Palestinians rallied at the Gaza-Israel border on Saturday to mark the first anniversary of a surge of protests, facing off against Israeli forces massed across the frontier.
Five rockets were launched from the Gaza Strip at Israel overnight, leading Israeli tanks to fire on Hamas military posts.
Troops fired tear gas across the border and the Israeli military said some of the estimated 20,000 demonstrators threw rocks, grenades and burning tyres towards them.
Palestinian activists clad in bright orange vests tried to keep people back, though some made it to the fence.
Gaza medics said that one Palestinian man was killed by Israeli fire before dawn on Saturday near the boundary. Four, in total, Palestinians were killed on Saturday during protests and clashes, but unrest was limited and fears of mass bloodshed were averted after Egyptian-led negotiations.
The Israeli military said it had no knowledge of the death and that Palestinians were throwing explosive devices at the border fence through Friday night.
Palestinians have been taking part in protests along the border since 30 March 2018 as part of a campaign, dubbed “the Great March of Return”.
The campaign has been organised by the militant Hamas movement – which dominates Gaza and is designated a terrorist group by Israel – and other groups.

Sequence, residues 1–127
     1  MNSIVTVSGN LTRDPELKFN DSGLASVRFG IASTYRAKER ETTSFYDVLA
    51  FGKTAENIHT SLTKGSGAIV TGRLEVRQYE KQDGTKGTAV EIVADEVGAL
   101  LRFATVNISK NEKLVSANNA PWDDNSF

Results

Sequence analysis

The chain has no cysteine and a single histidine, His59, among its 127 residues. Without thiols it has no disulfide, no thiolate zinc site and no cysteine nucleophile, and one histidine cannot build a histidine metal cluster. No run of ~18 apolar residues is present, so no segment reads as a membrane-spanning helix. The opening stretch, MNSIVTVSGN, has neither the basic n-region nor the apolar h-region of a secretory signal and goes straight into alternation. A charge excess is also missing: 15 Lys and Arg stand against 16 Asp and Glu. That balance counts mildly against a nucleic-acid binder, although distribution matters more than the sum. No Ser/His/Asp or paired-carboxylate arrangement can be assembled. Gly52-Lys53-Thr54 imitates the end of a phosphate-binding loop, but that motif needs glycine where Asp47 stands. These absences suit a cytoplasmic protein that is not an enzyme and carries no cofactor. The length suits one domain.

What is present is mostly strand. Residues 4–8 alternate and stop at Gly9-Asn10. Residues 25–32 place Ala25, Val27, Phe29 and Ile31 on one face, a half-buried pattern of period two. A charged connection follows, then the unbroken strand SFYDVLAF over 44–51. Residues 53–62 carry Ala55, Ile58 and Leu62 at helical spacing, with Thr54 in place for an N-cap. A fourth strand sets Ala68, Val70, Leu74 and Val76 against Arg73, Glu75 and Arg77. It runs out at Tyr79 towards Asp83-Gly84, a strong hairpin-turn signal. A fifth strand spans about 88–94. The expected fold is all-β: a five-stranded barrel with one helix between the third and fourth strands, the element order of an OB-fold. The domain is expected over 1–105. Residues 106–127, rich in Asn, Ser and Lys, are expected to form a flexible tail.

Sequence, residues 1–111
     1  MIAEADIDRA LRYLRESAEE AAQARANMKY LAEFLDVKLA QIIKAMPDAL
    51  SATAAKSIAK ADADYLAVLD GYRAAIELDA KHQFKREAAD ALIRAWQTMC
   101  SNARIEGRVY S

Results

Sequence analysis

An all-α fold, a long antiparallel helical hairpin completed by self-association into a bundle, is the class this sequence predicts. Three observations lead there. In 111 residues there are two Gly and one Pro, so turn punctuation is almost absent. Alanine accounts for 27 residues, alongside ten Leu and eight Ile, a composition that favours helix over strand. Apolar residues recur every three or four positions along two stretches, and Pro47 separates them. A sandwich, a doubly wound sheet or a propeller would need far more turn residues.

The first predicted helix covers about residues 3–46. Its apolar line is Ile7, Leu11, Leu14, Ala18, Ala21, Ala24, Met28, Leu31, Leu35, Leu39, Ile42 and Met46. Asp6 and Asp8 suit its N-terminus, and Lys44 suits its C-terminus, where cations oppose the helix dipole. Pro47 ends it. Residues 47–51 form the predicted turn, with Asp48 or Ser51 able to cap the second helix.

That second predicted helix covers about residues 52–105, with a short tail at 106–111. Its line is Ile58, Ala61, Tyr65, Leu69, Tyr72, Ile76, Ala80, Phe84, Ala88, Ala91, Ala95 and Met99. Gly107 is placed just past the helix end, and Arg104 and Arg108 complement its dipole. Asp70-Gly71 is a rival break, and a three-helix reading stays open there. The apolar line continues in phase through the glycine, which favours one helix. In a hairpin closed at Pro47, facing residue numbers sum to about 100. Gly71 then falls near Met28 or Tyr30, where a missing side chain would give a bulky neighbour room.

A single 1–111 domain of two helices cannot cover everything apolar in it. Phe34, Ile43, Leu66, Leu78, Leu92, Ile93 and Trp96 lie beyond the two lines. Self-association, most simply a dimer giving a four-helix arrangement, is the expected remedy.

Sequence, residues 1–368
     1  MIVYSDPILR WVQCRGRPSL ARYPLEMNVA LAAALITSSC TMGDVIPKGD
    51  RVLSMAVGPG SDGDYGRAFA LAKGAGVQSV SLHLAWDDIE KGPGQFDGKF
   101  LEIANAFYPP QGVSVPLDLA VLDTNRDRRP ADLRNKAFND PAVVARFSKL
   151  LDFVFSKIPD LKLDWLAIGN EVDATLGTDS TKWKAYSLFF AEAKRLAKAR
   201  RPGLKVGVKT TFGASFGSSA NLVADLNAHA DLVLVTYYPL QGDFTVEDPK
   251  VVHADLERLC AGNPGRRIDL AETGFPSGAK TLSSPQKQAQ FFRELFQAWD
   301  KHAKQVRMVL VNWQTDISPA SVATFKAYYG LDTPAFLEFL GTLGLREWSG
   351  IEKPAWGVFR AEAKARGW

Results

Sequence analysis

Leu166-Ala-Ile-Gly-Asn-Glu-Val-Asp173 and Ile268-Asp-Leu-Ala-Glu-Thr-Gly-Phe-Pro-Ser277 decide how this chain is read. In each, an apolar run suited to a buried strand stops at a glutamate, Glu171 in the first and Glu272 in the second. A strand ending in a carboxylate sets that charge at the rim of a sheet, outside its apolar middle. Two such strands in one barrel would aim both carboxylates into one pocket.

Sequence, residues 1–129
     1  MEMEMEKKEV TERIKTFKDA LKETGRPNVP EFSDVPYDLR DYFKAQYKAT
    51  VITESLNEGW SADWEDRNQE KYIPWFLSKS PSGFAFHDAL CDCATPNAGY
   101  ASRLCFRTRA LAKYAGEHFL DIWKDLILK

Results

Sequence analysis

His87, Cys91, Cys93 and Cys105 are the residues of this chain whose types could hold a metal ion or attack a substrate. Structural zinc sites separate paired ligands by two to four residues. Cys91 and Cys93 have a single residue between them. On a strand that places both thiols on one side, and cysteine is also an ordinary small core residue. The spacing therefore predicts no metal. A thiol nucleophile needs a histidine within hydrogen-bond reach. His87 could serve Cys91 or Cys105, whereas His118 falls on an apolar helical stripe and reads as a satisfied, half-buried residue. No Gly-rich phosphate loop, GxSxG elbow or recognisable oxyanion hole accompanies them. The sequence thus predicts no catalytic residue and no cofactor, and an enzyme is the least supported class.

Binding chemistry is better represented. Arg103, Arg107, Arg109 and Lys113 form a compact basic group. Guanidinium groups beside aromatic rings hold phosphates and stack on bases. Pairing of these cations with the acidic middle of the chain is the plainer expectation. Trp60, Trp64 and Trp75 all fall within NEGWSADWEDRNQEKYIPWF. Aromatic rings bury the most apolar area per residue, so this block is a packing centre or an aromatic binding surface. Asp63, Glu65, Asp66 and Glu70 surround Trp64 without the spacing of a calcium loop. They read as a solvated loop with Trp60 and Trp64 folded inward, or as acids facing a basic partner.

A commission of inquiry by the UN Human Rights Council in May investigated the killing of 189 Palestinians between 30 March and 31 December 2018.
The findings were profound and the UN human rights council found that Israel is guilty of war crimes, after the report determined “The Israeli security forces killed and maimed Palestinian demonstrators who did not pose an imminent threat of death or serious injury to others when they were shot, nor were they directly participating in hostilities,”
Israeli security forces may have committed war crimes and crimes against humanity in killing 189 Palestinians and wounding more than 6,100 at weekly protests in Gaza last year.
These recent events cannot be divorced from the larger picture of the situation in Gaza, Israel cannot continue to block trade routes and kill indiscriminately.
Which itself raises many legal questions with regard to who has the power and obligations to alleviate the humanitarian crisis in the territory.
Israel goes to the polls in a keenly contested general election on April 9 in which Prime Minister Benjamin Netanyahu faces a stiff challenge from centrist former military chief Benny Gantz.
Palestinians in Gaza are depressed and frustrated because suffering has become a feature of our daily life. There is fear of and anger at the unknown, their lives are at stake even if they don’t protest. An escalation can happen at any moment.
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